Who knew that Mary Poppins, that brightly colored stage spectacle of a musical comedy confection, would be the theatrical offering that most eloquently addresses the questionable shenanigans of unscrupulous bankers, financiers and other assorted nefarious London financial district/Wall Street types and which champions the importance of family and the common folk?
Certainly, Mary Poppins retains its phantasmagorical, fantastical characters and plotline, but in relating the story originally written by P.L. Travers—which served as the basis for the acclaimed Disney film that still has its claim on our hearts and our imaginations—the musical stage adaptation has a deeper, more genuine resonance, certain to delight and to entertain, but just as likely to touch your heart.
Now ensconced at Andrew Jackson Hall in Nashville’s Tennessee Performing Arts Center for an eight-performance run, Mary Poppins is the ideal theatrical offering for all audiences—whatever their ages may be—who are captivated by all the stage wizardry and technical magic that provides the musical’s wonderful, whimsical power.
Beautifully designed—the production features the exquisite scenic and costume design of Bob Crowley, illuminated by Natasha Katz’s exemplary lighting—the musical, as sprightly and hummable as any to come down the pike in years, is sure to thrill younger audience members while taking the more seasoned theater-goer on a nostalgic journey of childlike wonderment mixed with just enough sentimentality to dampen the eyes and tug at the heartstrings.
Incorporating many of the original tunes created for the much revered Disney film (starring Julie Andrews and Dick Van Dyke) by Richard M. Sherman and Robert B. Sherman, the score features new songs by George Stiles and Anthony Drewe, which help to draw a sharper focus on the family dynamic and the interdependence of the people who occupy the upstairs and downstairs of 17 Cherry Tree Lane. Thankfully, the estimable Julian Fellowes (Academy Award winner for Gosford Park, who is the creator of television’s most-buzzed about series of recent memory Downton Abbey) is the book writer for this production, exhibiting once again the never-ending abundance of knowledge of the Edwardian era that typifies his work.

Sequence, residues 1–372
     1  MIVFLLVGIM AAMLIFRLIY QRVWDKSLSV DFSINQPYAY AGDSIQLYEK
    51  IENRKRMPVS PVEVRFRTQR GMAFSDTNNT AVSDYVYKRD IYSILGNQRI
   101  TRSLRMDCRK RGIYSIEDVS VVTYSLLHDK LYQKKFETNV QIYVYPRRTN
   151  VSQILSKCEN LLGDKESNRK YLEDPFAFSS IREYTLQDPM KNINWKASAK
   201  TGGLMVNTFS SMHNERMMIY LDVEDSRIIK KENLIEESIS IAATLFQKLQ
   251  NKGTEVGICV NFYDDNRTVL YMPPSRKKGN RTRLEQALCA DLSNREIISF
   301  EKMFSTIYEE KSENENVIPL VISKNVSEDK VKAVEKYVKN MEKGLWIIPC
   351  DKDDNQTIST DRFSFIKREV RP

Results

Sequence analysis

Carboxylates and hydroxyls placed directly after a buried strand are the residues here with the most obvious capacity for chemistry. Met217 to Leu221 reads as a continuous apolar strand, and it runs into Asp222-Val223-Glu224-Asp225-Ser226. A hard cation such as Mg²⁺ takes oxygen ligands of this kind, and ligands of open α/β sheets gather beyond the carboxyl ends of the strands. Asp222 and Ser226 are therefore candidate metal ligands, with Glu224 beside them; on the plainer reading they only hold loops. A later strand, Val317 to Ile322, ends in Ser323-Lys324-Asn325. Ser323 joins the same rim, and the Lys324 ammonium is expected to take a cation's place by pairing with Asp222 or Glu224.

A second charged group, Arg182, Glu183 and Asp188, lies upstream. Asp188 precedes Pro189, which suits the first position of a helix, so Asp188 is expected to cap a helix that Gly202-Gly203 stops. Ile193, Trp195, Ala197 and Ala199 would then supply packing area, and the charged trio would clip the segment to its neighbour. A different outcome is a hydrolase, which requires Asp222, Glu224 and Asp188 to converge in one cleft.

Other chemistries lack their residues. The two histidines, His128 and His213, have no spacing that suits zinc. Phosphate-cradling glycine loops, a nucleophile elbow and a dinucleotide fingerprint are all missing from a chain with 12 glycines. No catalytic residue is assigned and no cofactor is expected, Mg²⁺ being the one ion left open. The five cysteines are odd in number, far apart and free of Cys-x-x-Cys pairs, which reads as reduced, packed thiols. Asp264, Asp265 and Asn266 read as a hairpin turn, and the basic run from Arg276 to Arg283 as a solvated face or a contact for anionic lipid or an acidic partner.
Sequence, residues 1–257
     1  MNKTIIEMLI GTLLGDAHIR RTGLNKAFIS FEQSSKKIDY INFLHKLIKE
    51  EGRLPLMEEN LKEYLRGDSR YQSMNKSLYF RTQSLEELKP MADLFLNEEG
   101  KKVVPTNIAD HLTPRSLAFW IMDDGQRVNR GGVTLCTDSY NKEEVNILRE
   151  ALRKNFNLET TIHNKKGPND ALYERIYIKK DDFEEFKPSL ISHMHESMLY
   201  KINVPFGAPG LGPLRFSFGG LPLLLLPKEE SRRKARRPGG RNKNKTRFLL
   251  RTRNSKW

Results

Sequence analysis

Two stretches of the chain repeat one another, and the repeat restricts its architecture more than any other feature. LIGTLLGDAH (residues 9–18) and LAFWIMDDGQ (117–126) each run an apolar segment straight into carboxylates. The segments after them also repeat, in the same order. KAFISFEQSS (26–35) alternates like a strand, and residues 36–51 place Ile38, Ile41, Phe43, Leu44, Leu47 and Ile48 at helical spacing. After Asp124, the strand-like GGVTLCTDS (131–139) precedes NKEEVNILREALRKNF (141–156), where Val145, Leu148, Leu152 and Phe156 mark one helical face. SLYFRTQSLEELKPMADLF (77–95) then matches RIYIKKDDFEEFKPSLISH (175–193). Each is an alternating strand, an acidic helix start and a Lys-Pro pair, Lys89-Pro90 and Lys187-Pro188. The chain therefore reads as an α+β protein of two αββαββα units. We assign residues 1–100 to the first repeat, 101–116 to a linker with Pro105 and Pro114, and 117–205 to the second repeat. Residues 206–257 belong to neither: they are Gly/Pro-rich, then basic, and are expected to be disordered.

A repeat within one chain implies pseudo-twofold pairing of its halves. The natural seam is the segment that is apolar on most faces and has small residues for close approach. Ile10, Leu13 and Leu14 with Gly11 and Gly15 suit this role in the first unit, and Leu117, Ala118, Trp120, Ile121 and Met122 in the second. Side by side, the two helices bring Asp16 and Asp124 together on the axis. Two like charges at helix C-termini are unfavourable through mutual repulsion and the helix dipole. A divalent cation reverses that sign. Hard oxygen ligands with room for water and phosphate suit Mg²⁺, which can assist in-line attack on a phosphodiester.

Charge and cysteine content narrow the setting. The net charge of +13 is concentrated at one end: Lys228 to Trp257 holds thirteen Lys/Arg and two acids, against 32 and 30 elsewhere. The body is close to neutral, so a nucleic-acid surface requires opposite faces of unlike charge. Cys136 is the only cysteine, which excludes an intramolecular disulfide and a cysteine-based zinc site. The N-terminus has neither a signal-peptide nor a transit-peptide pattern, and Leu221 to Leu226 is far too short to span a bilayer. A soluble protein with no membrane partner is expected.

The musical’s national tour is directed by Anthony Lyn, based upon the original work by Richard Eyre, with Geoffrey Garratt adapting the original choreography of Matthew Bourne. The play’s action moves along at a good pace, with the plot unfolding in a way that is completely engaging and involving. The choreography, which won an Olivier Award in London, is inventive and imaginative, performed beautifully by an exceptional ensemble. “Supercalifragilisticexpialidocious” is performed with an ease that belies its complexity, while “Step In Time” is extraordinary, showing off Case Dillard’s fancy footwork to perfection (watching him scale the proscenium in TPAC’s Andrew Jackson Hall is enough to make you want to see the show over and over). “Jolly Holiday” seems to envelop the entire theater in all its sumptuous, color-soaked glory, which provides a stunningly conceived change from the sepia-toned vision of Edwardian London that comes before and after.
At curtain we are introduced to the people of London’s tony Cherry Tree Lane, out for a nip of fresh air in a neighborhood park. Those people include Bert, an affable and charming chimney sweep played with an easy elegance by Case Dillard; the rambunctious Banks children—Jane and Michael, played on opening night in Nashville by Cherish Myers and Zachary Mackiewicz, a pair of thoroughly committed and focused young actors whose exuberant performances are perfectly suited to the material; and their harried and put upon nanny (Elizabeth Ann Berg) who can scarcely control her charges. It comes as no surprise when Katie Nanna abruptly leaves the Banks’ home, presumably in search of a position that includes children more in keeping with her sensibilities.